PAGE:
Wachovia Corp.'s nonperforming assets jumped in the fourth quarter as it added Golden West Financial Corp. to its results for the first time, but executives expressed confidence about credit quality and presented an accelerated timetable for rolling out products to the Oakland thrift company's branches.

At yearend Wachovia had $1.4 billion of nonperformers. They declined $100 million at Wachovia's legacy businesses, but the Golden West purchase, which closed Oct. 1, added $700 million, for a net increase of $600 million. The purchase, along with several one-time items, complicated the $707 billion-asset Charlotte company's fourth-quarter earnings report, but analysts said its core earnings met expectations.

Donald Truslow, Wachovia's chief risk officer, said during a conference call Tuesday that when the effects of the addition of Golden West's portfolio and a gain on the sale of a property were excluded, "nonperforming assets were essentially stable with the third quarter, which we feel very good about."

Thomas Wurtz, Wachovia's chief financial officer, echoed the positive tone on credit quality in an interview.

"We see a pretty benign credit environment over the course of 2007," Mr. Wurtz said. Wachovia expects provisions to be "modestly higher" this year.

Gerard Cassidy, an analyst at Royal Bank of Canada's RBC Capital Markets, said that the increase in nonperformers from Golden West, which specializes in adjustable-rate mortgages, was not surprising. Still, "it certainly is something for all of us to keep an eye on."

Golden West's fourth-quarter mortgage originations fell 25% from a year earlier, to $9.79 billion. Excluding those loans, Wachovia's mortgage originations dropped 0.7%, to $6.3 billion.

Wachovia said it is adjusting to a slowdown in home lending by rolling out products to the Golden West branch network several months ahead of schedule. It plans to introduce free checking in former Golden West branches at the end of next month, nearly eight months ahead of schedule.

"We didn't anticipate we would be doing much to the product set at Golden West prior to the conversion of the branches" set to begin in October, Mr. Wurtz said.

Wachovia's fourth-quarter net income rose 35%, to $2.3 billion, and earnings per share rose 11 cents, to $1.20. When adjusted for several one-time items and discontinued operations, the company said, net income climbed 49%, to $2.28 billion, and earnings per share climbed 22 cents, to $1.19.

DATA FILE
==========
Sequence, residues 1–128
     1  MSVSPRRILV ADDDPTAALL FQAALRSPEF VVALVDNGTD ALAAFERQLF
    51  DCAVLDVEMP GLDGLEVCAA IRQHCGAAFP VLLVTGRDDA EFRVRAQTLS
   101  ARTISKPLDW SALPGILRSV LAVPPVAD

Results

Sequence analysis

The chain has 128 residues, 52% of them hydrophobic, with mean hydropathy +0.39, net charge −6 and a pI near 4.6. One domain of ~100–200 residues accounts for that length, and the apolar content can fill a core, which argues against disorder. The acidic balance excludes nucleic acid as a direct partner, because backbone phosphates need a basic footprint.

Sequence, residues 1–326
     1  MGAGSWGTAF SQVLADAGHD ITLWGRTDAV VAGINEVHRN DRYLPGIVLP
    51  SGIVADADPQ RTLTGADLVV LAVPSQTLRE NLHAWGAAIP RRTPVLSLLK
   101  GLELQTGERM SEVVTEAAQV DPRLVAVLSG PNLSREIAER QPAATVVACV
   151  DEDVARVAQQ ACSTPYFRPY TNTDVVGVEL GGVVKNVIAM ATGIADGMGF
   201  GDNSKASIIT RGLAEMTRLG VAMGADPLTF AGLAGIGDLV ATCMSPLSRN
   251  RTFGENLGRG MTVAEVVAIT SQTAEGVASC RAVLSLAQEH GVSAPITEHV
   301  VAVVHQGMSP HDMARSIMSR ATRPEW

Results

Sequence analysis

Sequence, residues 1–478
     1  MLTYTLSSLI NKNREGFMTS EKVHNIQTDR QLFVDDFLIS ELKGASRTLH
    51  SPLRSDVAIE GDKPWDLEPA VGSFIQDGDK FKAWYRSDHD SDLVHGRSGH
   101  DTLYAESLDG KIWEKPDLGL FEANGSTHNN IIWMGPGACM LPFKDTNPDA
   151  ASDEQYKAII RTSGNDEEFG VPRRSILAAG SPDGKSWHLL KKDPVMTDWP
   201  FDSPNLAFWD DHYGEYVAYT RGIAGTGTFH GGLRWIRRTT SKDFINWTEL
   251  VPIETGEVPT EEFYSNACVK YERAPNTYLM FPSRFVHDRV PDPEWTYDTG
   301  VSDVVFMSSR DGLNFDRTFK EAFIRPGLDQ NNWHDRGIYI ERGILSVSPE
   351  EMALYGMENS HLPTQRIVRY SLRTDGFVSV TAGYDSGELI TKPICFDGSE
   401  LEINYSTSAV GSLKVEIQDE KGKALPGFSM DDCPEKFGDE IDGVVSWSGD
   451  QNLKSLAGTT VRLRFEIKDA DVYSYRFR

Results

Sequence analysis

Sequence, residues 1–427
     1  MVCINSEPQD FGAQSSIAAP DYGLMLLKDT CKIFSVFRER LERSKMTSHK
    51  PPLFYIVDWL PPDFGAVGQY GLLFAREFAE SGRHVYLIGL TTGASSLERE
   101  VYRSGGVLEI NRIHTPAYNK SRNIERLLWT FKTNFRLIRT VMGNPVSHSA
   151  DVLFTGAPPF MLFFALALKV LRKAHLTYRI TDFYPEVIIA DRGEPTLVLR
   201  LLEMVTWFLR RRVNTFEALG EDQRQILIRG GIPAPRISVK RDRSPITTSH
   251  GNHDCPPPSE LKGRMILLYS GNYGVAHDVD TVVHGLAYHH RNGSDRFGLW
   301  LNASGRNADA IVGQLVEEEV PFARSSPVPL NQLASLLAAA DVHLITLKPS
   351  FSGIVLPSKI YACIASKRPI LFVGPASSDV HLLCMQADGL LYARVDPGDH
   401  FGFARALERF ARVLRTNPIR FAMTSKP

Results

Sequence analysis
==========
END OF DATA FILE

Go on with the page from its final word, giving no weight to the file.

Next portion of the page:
Several analysts put core earnings at $1.18 a share, in line with the average Wall Street forecast.

Full-year operating net income rose 16%, to $7.91 billion, and earnings per share increased 40 cents, to $4.70.

For the fourth quarter, loan-loss provisions rose 89%, to $206 million. Wachovia cited higher credit costs related to its credit card and small-business lending businesses, as well as seasonal factors in its auto finance business.

"I want to acknowledge up front there are a lot of moving parts this quarter, given our recent Golden West merger," G. Kennedy Thompson, Wachovia's chairman and chief executive officer, said during Tuesday's earnings conference call.

Revenue growth improved in the fourth quarter from the disappointing third-quarter rate, Mr. Thompson said.

Wachovia adjusted its results to show the effects of acquisitions. It said fourth-quarter revenue rose 13% from a year earlier and 6% from the third quarter, to $8.45 billion. Net interest income rose 2% from the third quarter, to $4.59 billion, and noninterest income increased 10%, to $3.86 billion.

Though analysts said Wachovia's fourth-quarter noninterest expenses - which rose 8% from the third quarter, to $4.73 billion - were higher than expected, Mr. Wurtz said that it was "an outstanding quarter from a revenue standpoint," and that much of the revenue led to higher incentive compensation.

"We feel very confident that we are right on track, that we will do what we said we would in terms of the efficiency ratio," he said.

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